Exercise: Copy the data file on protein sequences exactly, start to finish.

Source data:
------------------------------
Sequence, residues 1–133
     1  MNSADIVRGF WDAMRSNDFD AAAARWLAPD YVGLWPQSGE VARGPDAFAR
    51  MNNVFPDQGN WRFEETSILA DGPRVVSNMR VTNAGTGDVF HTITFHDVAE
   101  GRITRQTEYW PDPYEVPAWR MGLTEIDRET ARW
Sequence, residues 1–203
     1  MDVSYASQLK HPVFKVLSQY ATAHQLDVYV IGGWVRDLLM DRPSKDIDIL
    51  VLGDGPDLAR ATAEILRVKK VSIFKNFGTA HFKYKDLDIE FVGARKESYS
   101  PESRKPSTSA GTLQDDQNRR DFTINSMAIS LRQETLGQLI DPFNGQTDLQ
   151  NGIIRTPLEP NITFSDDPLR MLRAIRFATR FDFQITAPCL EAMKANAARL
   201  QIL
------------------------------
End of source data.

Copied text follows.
Sequence, residues 1–133
     1  MNSADIVRGF WDAMRSNDFD AAAARWLAPD YVGLWPQSGE VARGPDAFAR
    51  MNNVFPDQGN WRFEETSILA DGPRVVSNMR VTNAGTGDVF HTITFHDVAE
   101  GRITRQTEYW PDPYEVPAWR MGLTEIDRET ARW
Sequence, residues 1–203
     1  MDVSYASQLK HPVFKVLSQY ATAHQLDVYV IGGWVRDLLM DRPSKDIDIL
    51  VLGDGPDLAR ATAEILRVKK VSIFKNFGTA HFKYKDLDIE FVGARKESYS
   101  PESRKPSTSA GTLQDDQNRR DFTINSMAIS LRQETLGQLI DPFNGQTDLQ
   151  NGIIRTPLEP NITFSDDPLR MLRAIRFATR FDFQITAPCL EAMKANAARL
   201  QIL